The Pulse Amplitude-Modulated (PAM) method of measuring F is based on the Kautksy Effect. In photosynthesis, there are two phases. The initial phase is the light-dependant phase (also called light reactions). This is followed by the light-independent phase (or dark reactions). It is in the light-dependent phase that light splits water into hydrogen and oxygen, and the excess light is released as heat and fluorescence. In the darkness, this phase stops, so there is no chlorophyll fluorescence either.

When plants are exposed to light after darkness, photosynthesis starts again. The adaption to light is very rapid and for one second the chlorophyll fluorescence peaks. The increase occurs since the electron generated has to be passed on, and until that happens, the PSII cannot absorb more light.

The fluorescence peaks taper down within a few minutes due to two kinds of quenchings, and the leaf soon reaches a steady state.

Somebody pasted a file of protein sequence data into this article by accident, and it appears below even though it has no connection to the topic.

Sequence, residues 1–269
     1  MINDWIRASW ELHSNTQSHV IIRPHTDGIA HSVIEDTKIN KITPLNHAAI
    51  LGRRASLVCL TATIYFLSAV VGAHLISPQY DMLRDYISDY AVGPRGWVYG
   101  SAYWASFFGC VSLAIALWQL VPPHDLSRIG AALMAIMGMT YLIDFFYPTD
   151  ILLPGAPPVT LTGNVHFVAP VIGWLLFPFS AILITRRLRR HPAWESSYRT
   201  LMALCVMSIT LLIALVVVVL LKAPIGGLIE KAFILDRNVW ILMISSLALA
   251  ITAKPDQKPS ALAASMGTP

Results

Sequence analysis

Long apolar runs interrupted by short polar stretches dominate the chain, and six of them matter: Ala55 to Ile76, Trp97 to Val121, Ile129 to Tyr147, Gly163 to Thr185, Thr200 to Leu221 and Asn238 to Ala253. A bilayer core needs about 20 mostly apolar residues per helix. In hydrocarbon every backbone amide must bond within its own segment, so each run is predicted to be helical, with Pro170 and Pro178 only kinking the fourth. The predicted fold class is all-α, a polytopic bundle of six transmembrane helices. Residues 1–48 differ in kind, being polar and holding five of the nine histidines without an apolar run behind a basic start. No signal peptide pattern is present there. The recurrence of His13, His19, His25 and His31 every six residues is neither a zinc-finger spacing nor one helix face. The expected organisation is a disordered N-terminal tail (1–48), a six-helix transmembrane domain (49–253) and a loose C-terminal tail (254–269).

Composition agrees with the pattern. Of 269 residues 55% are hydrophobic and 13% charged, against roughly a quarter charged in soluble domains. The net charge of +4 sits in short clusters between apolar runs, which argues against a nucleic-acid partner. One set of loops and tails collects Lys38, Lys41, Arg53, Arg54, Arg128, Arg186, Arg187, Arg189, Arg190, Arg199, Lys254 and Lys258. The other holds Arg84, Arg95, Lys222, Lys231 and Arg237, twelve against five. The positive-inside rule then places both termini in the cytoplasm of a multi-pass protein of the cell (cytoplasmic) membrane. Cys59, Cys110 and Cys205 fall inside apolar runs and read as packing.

The peak of fluorescence tapers off, as the speed with which the electrons are passed increases due to the opening of the stomata. This is called photochemical quenching.

The efficiency with which the other part of unused light is converted to heat and removed from the leaf also increases and is called non-photochemical quenching (NPQ). NPQ, or heat dissipation, stops in the dark phase and has to be restarted.

In Pulse-Amplitude-Modulation, chlorophyll fluorometer, a short saturated pulse (SP) of 1μs of low-intensity light, is directed at the leaf. When only a short burst of light is given, NPQ remains zero or negligible, but the fluorescence peak occurs.

This peak, when there is no photochemical quenching yet, is called the maximum fluorescence, Fm. This is compared with the fluorescence at steady state, Ft, and minimum fluorescence Fo during darkness or absence of photosynthetic (actinic) light. Minimum fluorescence is measured using a pulse of measuring light (MP) at the start of the experiment, as shown in Figure 2

The difference between the maximum and minimum fluorescence gives the variable fluorescence Fv. Maximum PSII photochemical efficiency is measured by the ratio Fv/Fm.

The ratio that measures the efficiency of the Photosystem II ΦPSII is:

ΦPSII =  (⁠Fm′−Ft)/Fm′, where Fm′ is the maximum fluorescence measured after the saturating pulse.